Thursday, May 7, 2015

Sanctuary for mistreated Thai elephants offers window to visitors

In February my sister, Andrea, travelled to Thailand for business, taking a day at the end of her trip to spend a day with the residents at the Elephant Nature Park (ENP), a non profit sanctuary for abused, injured and neglected elephants. She chose the park because it allows elephants to live as elephants. The organization eschews the practices of so called "elephant camps" where elephants are taught tricks and give visitors rides

Sanctuary for mistreated Thai elephants offers window to visitors

Visitor Andrea Worden helps senior resident Mae Khum Pun bathe at Elephant Nature Park in Thailand.
Visitor Andrea Worden helps senior resident Mae Khum Pun bathe at Elephant Nature Park in Thailand.
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In February my sister, Andrea, travelled to Thailand for business, taking a day at the end of her trip to spend a day with the residents at the Elephant Nature Park (ENP), a non profit sanctuary for abused, injured and neglected elephants (and dogs). She chose the park because it allows elephants to live as elephants. The organization eschews the practices of so called "elephant camps" where elephants are taught tricks and give visitors rides. Here's Andrea's account of her experience:

Founded in 1995 by the diminutive Sangduen “Lek” Chailert, who has received numerous awards for her work, ENP’s mission is to rehabilitate and nurture rescued elephants and to educate Thais and the world about the plight of Thailand’s elephants. At the start of the 20th century, there were an estimated 100,000 elephants in Thailand; today the number of elephants is less than 4,000. There are currently 35 elephant residents at ENP --32 females and three males--who roam freely in their self-selected family groups, though their mahouts (handlers or caretakers) keep a watchful eye on them when visitors are around. Lek (with the help of donors) buys elephants who have suffered abuse or neglect in connection with the logging industry, street begging, and the tourist industry.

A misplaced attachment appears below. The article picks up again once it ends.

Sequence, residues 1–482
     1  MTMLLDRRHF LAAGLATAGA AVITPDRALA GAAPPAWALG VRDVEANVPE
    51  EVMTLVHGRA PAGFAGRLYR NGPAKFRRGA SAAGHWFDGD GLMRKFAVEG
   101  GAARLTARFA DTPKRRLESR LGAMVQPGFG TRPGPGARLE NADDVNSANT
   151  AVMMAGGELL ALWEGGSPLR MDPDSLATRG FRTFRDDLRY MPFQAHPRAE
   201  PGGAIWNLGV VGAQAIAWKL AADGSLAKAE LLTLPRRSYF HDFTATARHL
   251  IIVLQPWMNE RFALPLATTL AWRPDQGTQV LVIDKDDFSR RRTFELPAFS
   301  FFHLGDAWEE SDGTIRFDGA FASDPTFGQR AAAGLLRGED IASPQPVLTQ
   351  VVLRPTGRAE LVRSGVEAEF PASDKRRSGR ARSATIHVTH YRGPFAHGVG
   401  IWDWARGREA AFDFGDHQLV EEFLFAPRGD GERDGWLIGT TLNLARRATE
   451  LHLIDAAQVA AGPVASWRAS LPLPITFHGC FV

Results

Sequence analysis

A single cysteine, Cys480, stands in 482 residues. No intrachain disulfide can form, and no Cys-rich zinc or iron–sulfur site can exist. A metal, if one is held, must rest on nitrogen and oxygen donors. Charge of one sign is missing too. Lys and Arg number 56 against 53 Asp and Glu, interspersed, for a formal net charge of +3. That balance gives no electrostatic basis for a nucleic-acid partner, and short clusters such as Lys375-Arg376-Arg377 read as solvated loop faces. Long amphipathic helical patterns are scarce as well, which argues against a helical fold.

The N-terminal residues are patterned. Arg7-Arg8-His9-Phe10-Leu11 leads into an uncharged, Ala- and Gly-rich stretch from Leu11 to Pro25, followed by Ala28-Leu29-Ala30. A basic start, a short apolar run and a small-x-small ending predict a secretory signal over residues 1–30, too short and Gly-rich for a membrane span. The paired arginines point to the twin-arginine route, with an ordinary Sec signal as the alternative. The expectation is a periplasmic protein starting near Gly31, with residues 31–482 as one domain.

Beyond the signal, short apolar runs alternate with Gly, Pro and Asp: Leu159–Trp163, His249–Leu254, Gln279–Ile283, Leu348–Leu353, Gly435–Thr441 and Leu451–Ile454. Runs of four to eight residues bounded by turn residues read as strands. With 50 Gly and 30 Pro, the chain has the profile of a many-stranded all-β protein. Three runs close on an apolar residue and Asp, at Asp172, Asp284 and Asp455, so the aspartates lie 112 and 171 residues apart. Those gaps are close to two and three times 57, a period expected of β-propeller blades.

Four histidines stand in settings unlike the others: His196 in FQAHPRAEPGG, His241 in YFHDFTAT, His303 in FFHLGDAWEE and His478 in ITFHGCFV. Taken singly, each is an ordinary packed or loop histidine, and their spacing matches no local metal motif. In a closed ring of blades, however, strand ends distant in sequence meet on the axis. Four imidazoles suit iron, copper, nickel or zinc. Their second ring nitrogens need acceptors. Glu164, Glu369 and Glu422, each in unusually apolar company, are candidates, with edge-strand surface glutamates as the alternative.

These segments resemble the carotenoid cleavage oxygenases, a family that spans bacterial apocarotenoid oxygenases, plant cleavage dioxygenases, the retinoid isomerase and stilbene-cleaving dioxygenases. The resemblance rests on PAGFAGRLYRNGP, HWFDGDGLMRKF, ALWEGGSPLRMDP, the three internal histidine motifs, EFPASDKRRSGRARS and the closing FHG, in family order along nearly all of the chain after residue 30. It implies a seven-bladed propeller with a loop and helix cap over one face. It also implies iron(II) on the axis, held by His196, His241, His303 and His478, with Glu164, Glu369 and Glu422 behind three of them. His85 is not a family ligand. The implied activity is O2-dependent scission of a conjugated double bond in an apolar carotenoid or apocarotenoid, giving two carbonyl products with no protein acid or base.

I signed up for the one-day visit (titled “Learning Elephant”), which costs about USD$80 and begins with a morning pickup at your hotel in Chiang Mai for the one-and-a-half hour drive to the park. Once the van was full and we were on the main highway heading north out of the city, our guide, a delightful young woman named “Bee,” explained what was in store and who we were about to meet. She told us the stories of a few of the elephants (or “eles” as they are affectionately called), like Jokia, who is in her 50s, and blind. The family that originally owned Jokia had to sell her off when logging was banned in Thailand in 1989. She was the family’s source of income, and when she became unemployed, the family could no longer afford to feed her (eles need up to 200 pounds or more of food a day.) As punishment for some sort of “misbehavior,” a subsequent owner blinded Jokia in both eyes. After Jokia arrived at the park, one of the oldest of the “old ladies” befriended her and is now her constant companion.

Bee explained that the elephants who interact with the visitors, including Jokia, are generally gentle and calm, but that they can also be unpredictable. Bee warned us that during feeding time we had to feed the eles continuously, otherwise they become unhappy. The eles, who are vegetarians, spend 16-18 hours a day eating. Bee told us we’d get a safety briefing when we arrived at the park, but during our drive she stressed that we should always stand to the side of an elephant’s trunk and not to stand directly in front of or behind an elephant. “The main thing to remember is this,” Bee added. “When I run, you run.”